4. Girl, you are going to try lots of new things. You will paint, sing, speak, write. And, don’t throw up in your mouth, but you are going to be a pastor’s wife as one of your roles along the journey. Breathe…you are going to be okay with it.
  5. You are going to learn how to study God’s word deeply. You are going to grasp and dig deep into the power of the gospel, and you will be transformed and taste greater freedom than you can imagine. In fact, instead of drowning in your feelings, start pursuing that now!!
  6. Life is not about your happiness. Happiness is fickle and a shadow in life. You will learn, through much pain that I will not disclose at this time, that the secret to life is being content in the Lord. In plenty and in want, in sickness (which will come) and in health, in laughter and in tears, in gain and in loss…your roots are going to grow deep into Him. It is going to be really good.
  7. It doesn’t matter your job or career, Jen. I know now it seems it does…but you are going to be you and minister to others with God’s love wherever you are. He is in control–breathe. He is going to take you on many adventures, and you will get to experience new challenges in each season. Be open to the new and do the small things of faithfulness in the midst.
  8. Remember this: the people who have a plan and seem to have conquered adulthood are just as lost inside as you are. Their outside “direction” may look together, but on the inside, they might be feeling the burn of walking up 10 flights of stairs looking for a shortcut. We all are in need. We all struggle.

The verse I was meditating on this morning: “May the Lord direct your hearts into the love of God and into the steadfastness of Christ.” 2 Thess 3:5

Wherever you are on the journey, this is my prayer for you.

Posted in Anxiety, authenticity, God's word, grace, humility, the gospel, transformation by truth, trusting God, Uncategorized

Contrary to Popular Opinion…

You are not enough.

You read it right.

That’s offensive, huh?

I am NOT saying you do not have worth. I am NOT saying that you do not have value. I am NOT saying you cannot do hard things. I am NOT saying you are not tough. I am NOT saying you are a failure. I am NOT saying you are less than your neighbor.

I am saying that the voice inside you that feels behind, that sees you cannot spin all the plates, that feels less than adequate for all the adulting, that is constantly on a performance wheel that seems to go nowhere…there’s a reason it is there. Our reality and our experience show us that we fall short all the time. We cannot be all things to all people doing all the things all the time. Period.

Maybe the quote should read–you do not have to perform to someone’s version of enough to have value. OR, your value is not defined by the world’s standard or by your performance.

When we feed ourselves the line that we are enough, we are lying about a huge reality in life. We are incomplete, and at the core, I think we know it. That uncontrollable longing that you feel (or run from) when your mind slows, that anxiety in your belly when looking at life, that wondering in your mind about the deepest questions of the universe, that thing that you have tried to overcome over and over and keep missing, those monumental regrets…all of that is pointing to something more and our lack. It is a need we cannot meet or problem solve.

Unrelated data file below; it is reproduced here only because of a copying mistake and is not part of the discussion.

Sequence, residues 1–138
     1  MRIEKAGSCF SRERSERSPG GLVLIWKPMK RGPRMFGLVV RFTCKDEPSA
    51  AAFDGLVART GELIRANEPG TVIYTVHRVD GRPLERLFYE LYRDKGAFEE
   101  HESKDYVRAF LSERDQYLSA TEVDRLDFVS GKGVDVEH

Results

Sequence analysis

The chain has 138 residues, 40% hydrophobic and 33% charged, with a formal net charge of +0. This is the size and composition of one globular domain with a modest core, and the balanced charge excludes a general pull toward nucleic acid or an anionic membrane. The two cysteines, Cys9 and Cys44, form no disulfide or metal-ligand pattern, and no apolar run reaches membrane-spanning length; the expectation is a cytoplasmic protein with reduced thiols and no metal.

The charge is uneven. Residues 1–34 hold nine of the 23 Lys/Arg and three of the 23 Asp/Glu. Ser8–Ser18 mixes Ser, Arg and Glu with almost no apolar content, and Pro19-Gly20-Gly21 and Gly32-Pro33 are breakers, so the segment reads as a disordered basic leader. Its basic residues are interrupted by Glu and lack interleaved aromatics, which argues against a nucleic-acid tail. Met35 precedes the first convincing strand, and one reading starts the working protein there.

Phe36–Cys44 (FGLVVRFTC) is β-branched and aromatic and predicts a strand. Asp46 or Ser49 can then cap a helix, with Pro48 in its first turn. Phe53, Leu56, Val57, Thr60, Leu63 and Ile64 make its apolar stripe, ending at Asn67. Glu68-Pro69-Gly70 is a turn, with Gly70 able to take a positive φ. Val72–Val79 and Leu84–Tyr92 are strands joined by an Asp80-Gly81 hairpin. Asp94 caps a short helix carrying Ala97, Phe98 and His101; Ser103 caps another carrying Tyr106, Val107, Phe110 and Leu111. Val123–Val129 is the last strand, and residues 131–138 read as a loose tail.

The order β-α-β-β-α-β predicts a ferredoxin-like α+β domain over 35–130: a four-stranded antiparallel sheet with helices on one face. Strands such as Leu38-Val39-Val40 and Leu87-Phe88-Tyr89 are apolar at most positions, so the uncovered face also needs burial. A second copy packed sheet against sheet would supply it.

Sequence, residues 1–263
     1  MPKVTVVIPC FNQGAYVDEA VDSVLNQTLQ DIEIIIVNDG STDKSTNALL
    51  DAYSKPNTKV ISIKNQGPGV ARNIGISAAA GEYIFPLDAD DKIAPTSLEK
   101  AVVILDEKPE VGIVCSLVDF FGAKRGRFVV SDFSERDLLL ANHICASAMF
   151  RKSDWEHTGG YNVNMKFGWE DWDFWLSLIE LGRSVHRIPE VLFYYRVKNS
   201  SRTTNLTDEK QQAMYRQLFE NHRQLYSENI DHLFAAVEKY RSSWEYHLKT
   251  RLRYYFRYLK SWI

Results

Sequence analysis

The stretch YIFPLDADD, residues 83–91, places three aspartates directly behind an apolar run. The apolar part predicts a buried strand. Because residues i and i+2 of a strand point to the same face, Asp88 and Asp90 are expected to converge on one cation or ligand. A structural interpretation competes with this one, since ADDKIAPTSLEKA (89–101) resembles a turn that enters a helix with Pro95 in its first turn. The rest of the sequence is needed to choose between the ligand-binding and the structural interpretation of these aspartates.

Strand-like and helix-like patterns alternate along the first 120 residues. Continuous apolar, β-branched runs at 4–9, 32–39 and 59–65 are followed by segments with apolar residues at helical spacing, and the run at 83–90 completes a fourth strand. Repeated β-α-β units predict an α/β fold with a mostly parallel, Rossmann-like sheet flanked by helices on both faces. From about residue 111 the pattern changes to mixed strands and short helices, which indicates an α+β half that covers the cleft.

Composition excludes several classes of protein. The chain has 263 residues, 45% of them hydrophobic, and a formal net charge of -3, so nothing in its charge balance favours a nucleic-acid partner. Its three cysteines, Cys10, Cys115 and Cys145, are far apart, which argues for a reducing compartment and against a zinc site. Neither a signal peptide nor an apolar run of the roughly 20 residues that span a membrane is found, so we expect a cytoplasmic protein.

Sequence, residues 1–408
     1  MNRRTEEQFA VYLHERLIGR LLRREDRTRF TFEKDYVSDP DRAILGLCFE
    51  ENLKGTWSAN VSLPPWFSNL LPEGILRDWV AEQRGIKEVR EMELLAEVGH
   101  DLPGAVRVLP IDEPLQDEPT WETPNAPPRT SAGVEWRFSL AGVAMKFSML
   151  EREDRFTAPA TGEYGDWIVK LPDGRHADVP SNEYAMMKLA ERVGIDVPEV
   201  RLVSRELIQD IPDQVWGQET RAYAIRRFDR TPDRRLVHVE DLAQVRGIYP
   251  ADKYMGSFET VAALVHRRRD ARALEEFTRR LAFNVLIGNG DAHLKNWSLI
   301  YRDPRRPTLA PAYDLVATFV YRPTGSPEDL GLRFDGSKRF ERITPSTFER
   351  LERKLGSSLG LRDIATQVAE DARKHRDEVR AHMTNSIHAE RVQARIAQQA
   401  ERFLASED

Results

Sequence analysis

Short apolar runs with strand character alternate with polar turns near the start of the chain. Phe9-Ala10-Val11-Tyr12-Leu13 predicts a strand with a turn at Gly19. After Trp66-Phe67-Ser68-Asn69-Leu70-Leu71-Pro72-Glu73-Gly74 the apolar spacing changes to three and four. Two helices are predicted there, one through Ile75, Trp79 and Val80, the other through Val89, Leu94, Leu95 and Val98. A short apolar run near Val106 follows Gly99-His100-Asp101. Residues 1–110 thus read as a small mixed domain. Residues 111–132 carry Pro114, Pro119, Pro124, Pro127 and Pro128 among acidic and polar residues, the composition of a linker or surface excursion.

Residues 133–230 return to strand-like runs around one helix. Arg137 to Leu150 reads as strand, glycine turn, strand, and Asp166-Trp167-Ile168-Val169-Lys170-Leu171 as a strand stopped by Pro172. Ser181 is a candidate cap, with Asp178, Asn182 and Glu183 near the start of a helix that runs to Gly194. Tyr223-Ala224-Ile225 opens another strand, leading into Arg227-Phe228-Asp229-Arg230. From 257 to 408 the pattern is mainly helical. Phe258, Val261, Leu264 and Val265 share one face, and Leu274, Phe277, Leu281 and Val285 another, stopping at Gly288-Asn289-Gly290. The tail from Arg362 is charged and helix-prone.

What happens when we grasp the reality that we are not enough?

We don’t want to face it because that tears apart the scaffolding of our lives. We all try to make sense of and build our lives in different ways with the same problem. We may think if we do it perfectly, or if we are useful to others , or if we produce and achieve enough and gain status, or if we dig deep within enough we can construct meaning, if we learn and conquer knowledge, if we come up with a plan to secure life, if we experience life to the fullest and adventure, if we take charge and lead the way for the underdog or if we can bridge the gap for peace that THEN we will be enough. We will be complete.

There is huge freedom in accepting the reality we are not enough even though it is uncomfortable. I think that this is when true Life begins and is lived. We then see a need for truth, strength, and meaning beyond ourselves. We can quit performing and striving and listen.

Why can we not be enough? We go back to the beginning. We look to the Creator who created in His own image; male and female He created them. (Genesis 1:27) The Image of God: That is very worthy. And, Then, something jarred everything…made it hard, less clear, brought toil, separated us from the Beauty of God and the peace of being WITH God: The whole process began with “did God really say?” “Surely He didn’t mean…He’s lying to you. He is keeping power and honor, love, fulfillment and glory from you–your rightful identity.” Then, the three letter word was born: Sin. We took understanding into our own hands. We defied the One who lovingly created us to commune with Him. We said: We are enough without You.

That leads us to today–the anxiety, the striving, the loneliness, the frustration, the gaining ground only to fall back down, the one-second glories that take longer and longer to achieve. The line of fulfillment we were fed was a bald-faced lie. Our “freedoms” enslave us all the more. It is grace to see that we are not enough.

There’s a problem: We cannot make it better on our own.